MOVEit, ChatGPT risk and more: first officer's blog - week 55

A vulnerability in MOVEit and a ChatGPT risk make up the top stories in cyber risk from the past week. Here's the breakdown.

Mike Parkin | June 12, 2023

The ongoing voyages of the Federation Support Ship USS [REDACTED] 

First Officer’s log, Terrestrial date, 20230612, Officer of the Deck reporting.  

With the “unintended artificial intelligence” issue on the fleet cruiser sorted out, at least for some value of “sorted,” we were able to focus on completing the inspections and remediations to the [REDACTED] herself. Fortunately, as expected, our engineering team had done an excellent job at executing field repairs and the starbase found only a few minor issues that required their attention. 

Which put us in a position to offer liberty call for most of the crew before we picked up our next assignment. 

Once again, Starfleet was seeing fit to send us out to the edge of Federation space, far from any of the major powers and deep into a region that was almost exclusively filled with smaller colonies, research stations, and the homeworlds of minor species that were not yet ready for contact.  

In this case, we would be delivering supplies to a number of these worlds. None of it appeared extraordinarily dangerous, vital, or valuable, though in each case the cargo in question was something that could not be easily replicated on-site. While that raised the “value” equation in each case, and some of the cargo did require special handling, none of it justified dispatching a fast courier or a major fleet asset. 

In theory, this would be a piece of cake, to quote the old Earther phrase. 

What could possibly go wrong? 

Well, that escalated quickly 

What happened 

After announcing a critical vulnerability in the MOVEit file transfer utility, CISA (Cyber security and Infrastructure Security Agency) has added CVE-2023-34362 to their Known Exploited Vulnerabilities (KEV) catalog with a due date of 23 June, 2023. Threat actors are known to be exploiting this vulnerability in the wild, so any organization that uses the MOVEit software is encouraged to patch as soon as possible. 

Why it matters 

CISA has been adding vulnerabilities to their KEV list at a much faster rate recently, and that should be cause for some concern. Their job is to protect critical infrastructure, and when they add a vulnerability the organizations that follow their mandate are required to rectify the problem. Organizations that don’t have to follow the mandate still should, even if they aren’t required to. The concern is that they are finding more and more exploited vulnerabilities that reach the “do something now” level of concern.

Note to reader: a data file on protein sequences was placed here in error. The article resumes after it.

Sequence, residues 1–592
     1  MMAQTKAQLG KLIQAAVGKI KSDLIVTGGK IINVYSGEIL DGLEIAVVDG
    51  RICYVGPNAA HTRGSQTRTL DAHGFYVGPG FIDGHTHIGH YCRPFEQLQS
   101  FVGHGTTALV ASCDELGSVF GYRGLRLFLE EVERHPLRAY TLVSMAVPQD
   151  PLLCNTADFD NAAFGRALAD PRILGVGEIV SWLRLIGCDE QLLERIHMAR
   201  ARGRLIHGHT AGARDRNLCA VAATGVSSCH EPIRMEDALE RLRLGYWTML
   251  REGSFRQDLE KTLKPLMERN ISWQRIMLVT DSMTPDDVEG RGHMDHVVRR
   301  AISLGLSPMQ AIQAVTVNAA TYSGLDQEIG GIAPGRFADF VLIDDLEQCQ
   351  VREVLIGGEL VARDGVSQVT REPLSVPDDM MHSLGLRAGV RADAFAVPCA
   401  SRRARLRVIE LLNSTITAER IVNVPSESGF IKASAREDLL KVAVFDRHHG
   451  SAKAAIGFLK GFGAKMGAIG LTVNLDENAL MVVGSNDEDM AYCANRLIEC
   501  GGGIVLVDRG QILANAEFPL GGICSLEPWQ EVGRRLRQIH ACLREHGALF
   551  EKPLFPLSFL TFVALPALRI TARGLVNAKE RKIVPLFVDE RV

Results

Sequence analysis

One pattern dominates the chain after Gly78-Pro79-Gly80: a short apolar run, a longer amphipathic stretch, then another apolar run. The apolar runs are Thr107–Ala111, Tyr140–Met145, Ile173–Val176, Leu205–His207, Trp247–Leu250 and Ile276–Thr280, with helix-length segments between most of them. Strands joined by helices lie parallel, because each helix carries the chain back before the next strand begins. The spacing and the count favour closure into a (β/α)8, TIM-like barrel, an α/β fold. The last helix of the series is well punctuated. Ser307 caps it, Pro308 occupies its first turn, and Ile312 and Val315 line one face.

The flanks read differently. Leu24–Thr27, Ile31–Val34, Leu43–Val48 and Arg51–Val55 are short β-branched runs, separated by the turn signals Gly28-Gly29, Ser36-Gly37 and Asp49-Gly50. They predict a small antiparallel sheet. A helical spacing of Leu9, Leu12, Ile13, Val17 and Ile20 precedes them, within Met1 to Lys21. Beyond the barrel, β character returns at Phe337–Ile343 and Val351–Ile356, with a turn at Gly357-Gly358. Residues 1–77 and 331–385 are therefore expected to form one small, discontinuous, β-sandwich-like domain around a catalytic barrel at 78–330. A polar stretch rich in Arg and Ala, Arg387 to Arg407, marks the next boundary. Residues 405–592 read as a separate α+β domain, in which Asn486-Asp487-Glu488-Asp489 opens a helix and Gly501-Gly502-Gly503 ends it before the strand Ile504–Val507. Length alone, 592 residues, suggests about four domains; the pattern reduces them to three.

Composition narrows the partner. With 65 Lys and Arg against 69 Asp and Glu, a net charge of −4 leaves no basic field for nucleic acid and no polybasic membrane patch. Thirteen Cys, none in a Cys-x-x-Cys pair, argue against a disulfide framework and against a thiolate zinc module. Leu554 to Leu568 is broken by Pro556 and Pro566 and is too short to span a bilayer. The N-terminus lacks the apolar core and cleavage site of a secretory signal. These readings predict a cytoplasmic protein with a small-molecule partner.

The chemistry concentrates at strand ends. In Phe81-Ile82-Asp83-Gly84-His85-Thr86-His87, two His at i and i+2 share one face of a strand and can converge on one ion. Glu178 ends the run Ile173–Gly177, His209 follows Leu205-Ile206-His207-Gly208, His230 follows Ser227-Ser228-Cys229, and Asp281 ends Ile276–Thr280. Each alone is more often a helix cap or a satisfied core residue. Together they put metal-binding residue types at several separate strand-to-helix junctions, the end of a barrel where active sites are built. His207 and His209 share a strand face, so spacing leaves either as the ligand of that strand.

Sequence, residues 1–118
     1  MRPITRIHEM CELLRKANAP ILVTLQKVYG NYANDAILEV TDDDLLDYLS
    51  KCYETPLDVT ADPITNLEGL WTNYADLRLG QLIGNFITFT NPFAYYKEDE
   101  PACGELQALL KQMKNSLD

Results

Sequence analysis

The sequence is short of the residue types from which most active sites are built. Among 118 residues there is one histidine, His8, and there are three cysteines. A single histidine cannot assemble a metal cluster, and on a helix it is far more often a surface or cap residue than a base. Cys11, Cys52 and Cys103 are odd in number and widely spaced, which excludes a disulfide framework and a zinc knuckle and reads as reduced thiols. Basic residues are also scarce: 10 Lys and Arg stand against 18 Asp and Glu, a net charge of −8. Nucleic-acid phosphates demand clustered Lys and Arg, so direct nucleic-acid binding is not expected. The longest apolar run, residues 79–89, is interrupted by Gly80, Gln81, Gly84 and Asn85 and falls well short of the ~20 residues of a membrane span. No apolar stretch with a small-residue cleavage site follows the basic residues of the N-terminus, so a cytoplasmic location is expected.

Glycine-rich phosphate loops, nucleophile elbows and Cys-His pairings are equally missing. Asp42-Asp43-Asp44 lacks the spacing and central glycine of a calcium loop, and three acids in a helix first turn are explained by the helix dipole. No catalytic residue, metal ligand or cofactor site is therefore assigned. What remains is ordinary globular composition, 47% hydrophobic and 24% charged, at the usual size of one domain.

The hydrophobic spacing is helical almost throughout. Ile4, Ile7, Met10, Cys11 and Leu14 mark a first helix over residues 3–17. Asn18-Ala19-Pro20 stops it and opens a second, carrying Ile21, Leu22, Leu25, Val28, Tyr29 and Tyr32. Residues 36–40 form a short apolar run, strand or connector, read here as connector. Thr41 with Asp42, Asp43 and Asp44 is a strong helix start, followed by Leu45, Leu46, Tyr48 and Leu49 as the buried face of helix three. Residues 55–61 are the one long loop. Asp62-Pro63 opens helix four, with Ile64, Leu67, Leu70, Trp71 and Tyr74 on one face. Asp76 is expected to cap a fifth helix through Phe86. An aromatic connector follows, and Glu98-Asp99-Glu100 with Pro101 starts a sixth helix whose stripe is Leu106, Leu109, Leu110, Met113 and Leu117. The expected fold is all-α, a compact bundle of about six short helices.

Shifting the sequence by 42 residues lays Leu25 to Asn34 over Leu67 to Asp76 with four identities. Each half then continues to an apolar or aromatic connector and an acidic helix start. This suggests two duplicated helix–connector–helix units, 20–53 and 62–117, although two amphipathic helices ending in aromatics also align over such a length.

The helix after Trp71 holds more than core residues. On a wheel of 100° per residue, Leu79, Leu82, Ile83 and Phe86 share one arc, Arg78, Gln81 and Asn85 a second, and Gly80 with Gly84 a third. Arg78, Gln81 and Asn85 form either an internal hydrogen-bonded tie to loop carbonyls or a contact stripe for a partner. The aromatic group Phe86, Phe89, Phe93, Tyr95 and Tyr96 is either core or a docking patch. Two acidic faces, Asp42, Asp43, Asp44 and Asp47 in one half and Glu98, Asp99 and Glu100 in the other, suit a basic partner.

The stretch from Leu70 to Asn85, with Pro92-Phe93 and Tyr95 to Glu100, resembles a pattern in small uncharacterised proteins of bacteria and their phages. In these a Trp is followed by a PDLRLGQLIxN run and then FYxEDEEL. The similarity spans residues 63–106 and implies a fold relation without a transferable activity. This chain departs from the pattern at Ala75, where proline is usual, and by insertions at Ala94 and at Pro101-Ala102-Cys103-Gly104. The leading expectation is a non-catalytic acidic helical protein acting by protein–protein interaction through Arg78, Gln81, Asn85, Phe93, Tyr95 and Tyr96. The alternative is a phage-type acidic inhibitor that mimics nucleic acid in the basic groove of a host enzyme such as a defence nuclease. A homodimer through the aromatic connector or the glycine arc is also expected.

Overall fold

And maybe “concern” isn’t the right word here. Maybe CISA is just catching up to the level of active threats in the wild that cyber security professionals have been dealing with every day for years. Added awareness is good. It’s all about managing risk and balancing our resources, since an “exploited in the wild” vulnerability is always a greater risk than one at the “we found it and told the vendor,” point. 

What we said 

Our Voyager18 teams has been all over this.  

Silicon Angle  

Who knew AI could hallucinate? 

What happened 

Bar Lanyado, working with other members of Vulcan Cyber’s Voyager18 team, has found some interesting behaviors with ChatGPT that he’s calling an AI Package Hallucination. Their blog post explains in detail how “working as designed” can sometimes lead to unintended behaviors. 

Why it matters 

I’ll let the blog explain things in detail, but the short attention span theater version is that sometimes ChatGPT, and probably other generative AI platforms as well, can recommend packages that don’t actually exist. It’s a phenomena known as an LLM Hallucination, which we call an AI Package Hallucination in this context*. The problem is that a threat actor could create a package that the AI hallucinated and someone who followed the AI’s advice could end up installing a trojan without realizing it. 

While there is a real potential here for threat actors to leverage this behavior, especially if they add some social engineering to the mix, it’s not going to be easy for them to use against specific targets. It relies on a victim getting a recommendation from an AI that leads to the previously discovered and purpose-built hallucinated package. And there is a relatively simple defense – which is to ALWAYS vet the packages you download for use in your projects. Full stop. Do not pass go. Do not collect 200 Quatloos. 

OpenAI may add some sanity checking to make sure it only recommends “real” packages to deal with the hallucinations, and the code repositories can do their part. But it’s always on developers to do due diligence. 

*: A term coined in-house by our team.  

What they said 

Our research was covered extensively. Take a look: 

  1. Dark Reading
  2. SiliconANGLE
  3. SC Magazine
  4. Security Week


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